B-log ~ December 2015

December 2015                                                                    November 2015 >>
Blog of Jack and Jude
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Changing Hats  20 December 

Our Yellowbrick has been reactivated!

Gosh we’re in such a mess. The boat’s got stuff on every surface and there are piles in every corner. It’s been so hectic since leaving home base that it feels like we’ve been living out of backpacks for weeks, shoving stuff from one spot to another. Wait. Retract that. It’s been nonstop for what seems months, ever since we booked our flights south back to Banyandah. First there were projects that had to be completed and wouldn’t you know that’s when the thermometer went ballistic. We’re well beyond working in near forty degree heat, but what could we do? Things had to get done, like mixing a cubic meter of concrete in Death Valley heat for the foundations of our new awning. Geez, the way the storms have grown more vicious, we’re praying those heavy footings will be enough to hold the darn thing down. Then of course the house had to be cleaned, the garden sorted, the grounds made neat. And of course we had to pack. Ever try shoving nearly 50 kilos into two rucksacks?

View from our shed - good spot for a cold one!

View from our shed – good spot for a cold one!

Built shed last time and added the awning this time home

Shed last time, added the awning this time

The big day arrived and plan A said we were first to go for a last swim with the Gkids before racing to the airport. Gosh a swim with the Gkids is usually enough to warrant a quiet rest for the remainder of the day, but instead we’re lugging mammoth bags forward in the queue to a nasty man who just wanted to make our day even tougher. “No, you cannot combine weight,” the little man said to us, raising my alarm and my eyebrows. Having flown with Virgin for years we’d never hearing such a thing before. Jude’s bag is smaller so takes less than my monster. But together we always nip in just under max weight, mine’s always over, her’s under. Anyways to humour the fellow we stood aside and ripped into my bag looking for something to chuck or shift and fortunately discovered my big laptop. “We can hand carry laptops, can’t we?” I asked another check in attendant, and her nod instantly solved our problem.

Cape Barron Island. Sea Lion Passage to Clarke and Perservation Islands

Cape Barron Island. Sea Lion Passage to Clarke and Preservation Islands

Changing Hats is never easy. From one life to another in just a few hours always brings hectic hard work and drama. We’ve done it before – many times now. The good news is it’s getting easier. Lots of hugs from family found us boarding the plane to a different life. Sad really to be leaving our large extended family. We love them all. But at the other end we were ever so fortunate to have good friends who made it even easier by picking us up in Hobart, and straightaway the good times began.

View up the Derwent River from Barry's place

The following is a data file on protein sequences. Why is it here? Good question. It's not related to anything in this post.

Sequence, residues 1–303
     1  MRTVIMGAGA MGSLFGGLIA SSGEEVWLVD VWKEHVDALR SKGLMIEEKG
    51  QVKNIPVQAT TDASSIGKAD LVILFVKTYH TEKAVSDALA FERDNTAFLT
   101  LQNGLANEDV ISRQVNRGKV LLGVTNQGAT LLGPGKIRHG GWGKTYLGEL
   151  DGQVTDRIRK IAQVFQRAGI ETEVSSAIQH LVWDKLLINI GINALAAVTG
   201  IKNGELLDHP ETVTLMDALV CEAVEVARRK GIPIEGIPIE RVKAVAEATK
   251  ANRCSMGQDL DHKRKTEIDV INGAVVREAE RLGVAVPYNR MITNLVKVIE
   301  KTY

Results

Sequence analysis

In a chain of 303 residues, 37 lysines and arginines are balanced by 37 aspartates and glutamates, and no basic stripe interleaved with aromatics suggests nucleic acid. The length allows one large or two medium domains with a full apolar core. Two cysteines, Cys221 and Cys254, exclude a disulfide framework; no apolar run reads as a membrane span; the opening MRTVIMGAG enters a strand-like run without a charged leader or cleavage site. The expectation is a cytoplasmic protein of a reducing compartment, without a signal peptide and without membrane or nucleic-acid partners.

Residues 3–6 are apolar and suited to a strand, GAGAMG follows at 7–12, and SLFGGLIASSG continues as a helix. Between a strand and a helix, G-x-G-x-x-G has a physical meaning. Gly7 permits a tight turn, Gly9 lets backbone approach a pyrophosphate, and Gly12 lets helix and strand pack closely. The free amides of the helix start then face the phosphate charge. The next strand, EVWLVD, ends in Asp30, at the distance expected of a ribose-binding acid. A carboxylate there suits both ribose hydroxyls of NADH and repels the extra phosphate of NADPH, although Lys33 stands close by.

View up the Derwent River from Barry’s place

Barry and Wendy have been our mates ever since we first met through a mutual friend who took us up to their rambling bit of paradise with glorious views over Hobart from the side of Mount Wellington. They’re so easy to be with that we feel part of their family, and love mum and their sons who all have interesting lives which we are very fortunate to jump into and out of. This time was no different. Jude and Wendy love to cook for ‘the boys’ and of course we blokes help where we can. This stopover we went for a picnic driving 400 km round trip on a very winding road to Strathgordon to see the mighty Gordon River dam. Tell you what, some may believe that global warming is just a furphy, but wild and usually wet Tasmania is bone dry after hardly any rain last spring. After the driest September on record, the Tamar Valley Power Station is to be fired up again after lying dormant for 18 months. It breaks our hearts to see the forests so stressed and we’re worrying about the real danger of fires in those lovely world heritage forests. Mark our words; this could be the way the destruction of Earth begins. Yep, the small atolls drown while the rich rainforests burn. Meanwhile our politicians are yelling loudly that they’ve reached consensus. Sure, on a plan that doesn’t start until 2020. And you can bet there’ll be a fair bit of hedge mongering before any action is taken.

Scotts Peak is actually an island - tiny orignal Lake Pedder was through the narrow gap left - all this was flooded in the 70's

Scotts Peak is actually an island – tiny orignal Lake Pedder was through the narrow gap left – all this was flooded in the 70’s

Baked veggies a la Wendy

Baked veggies a la Wendy

Views enroute to Strathgordon

Views enroute to Strathgordon

Deep into the mountains we came to the two lakes

Deep into the mountains we came to the two lakes

We both love Earth. I think its God in the real. No human lookalike, just Nature working so marvellously creating life that’s connected by an unfathomable dimension. But does the average Joe give Earth the respect she deserves. Nope. No fault of theirs. They’re too busy heads down trying to stay alive in a world run amuck. In a lot of families both parents are working to help pay the mortgage while they’re paying someone to look after their kids. And the young ones, instead of jumping out the nest with a keen lust for life, are stuck at mum and dad’s because it takes all they earn to afford the latest gizmos. Hmm, I’m starting to sound like an old fart. Maybe I’ve spent too much time in the Never-Never but I believe we need to immediately start discussing family planning and capping human growth. OK enough on that. You’re here to read about adventure and the wonders of life afloat.